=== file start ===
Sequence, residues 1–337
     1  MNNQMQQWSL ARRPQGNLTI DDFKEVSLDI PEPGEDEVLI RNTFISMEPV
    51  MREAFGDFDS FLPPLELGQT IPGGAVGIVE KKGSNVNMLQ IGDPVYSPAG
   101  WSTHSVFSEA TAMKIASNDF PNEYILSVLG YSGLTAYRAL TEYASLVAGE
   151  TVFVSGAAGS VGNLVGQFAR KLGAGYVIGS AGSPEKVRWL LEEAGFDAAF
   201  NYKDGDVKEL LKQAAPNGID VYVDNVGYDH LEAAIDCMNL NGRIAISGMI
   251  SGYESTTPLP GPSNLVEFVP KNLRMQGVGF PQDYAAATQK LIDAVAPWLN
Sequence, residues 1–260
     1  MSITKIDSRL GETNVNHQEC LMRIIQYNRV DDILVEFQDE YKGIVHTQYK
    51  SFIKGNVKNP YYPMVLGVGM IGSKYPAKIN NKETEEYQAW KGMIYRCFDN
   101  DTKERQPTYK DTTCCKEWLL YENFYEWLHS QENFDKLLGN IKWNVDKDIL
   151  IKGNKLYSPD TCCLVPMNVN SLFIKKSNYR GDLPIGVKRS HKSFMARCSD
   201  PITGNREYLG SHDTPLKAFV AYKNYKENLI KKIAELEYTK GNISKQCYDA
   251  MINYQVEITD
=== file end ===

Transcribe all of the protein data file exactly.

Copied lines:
Sequence, residues 1–337
     1  MNNQMQQWSL ARRPQGNLTI DDFKEVSLDI PEPGEDEVLI RNTFISMEPV
    51  MREAFGDFDS FLPPLELGQT IPGGAVGIVE KKGSNVNMLQ IGDPVYSPAG
   101  WSTHSVFSEA TAMKIASNDF PNEYILSVLG YSGLTAYRAL TEYASLVAGE
   151  TVFVSGAAGS VGNLVGQFAR KLGAGYVIGS AGSPEKVRWL LEEAGFDAAF
   201  NYKDGDVKEL LKQAAPNGID VYVDNVGYDH LEAAIDCMNL NGRIAISGMI
   251  SGYESTTPLP GPSNLVEFVP KNLRMQGVGF PQDYAAATQK LIDAVAPWLN
Sequence, residues 1–260
     1  MSITKIDSRL GETNVNHQEC LMRIIQYNRV DDILVEFQDE YKGIVHTQYK
    51  SFIKGNVKNP YYPMVLGVGM IGSKYPAKIN NKETEEYQAW KGMIYRCFDN
   101  DTKERQPTYK DTTCCKEWLL YENFYEWLHS QENFDKLLGN IKWNVDKDIL
   151  IKGNKLYSPD TCCLVPMNVN SLFIKKSNYR GDLPIGVKRS HKSFMARCSD
   201  PITGNREYLG SHDTPLKAFV AYKNYKENLI KKIAELEYTK GNISKQCYDA
   251  MINYQVEITD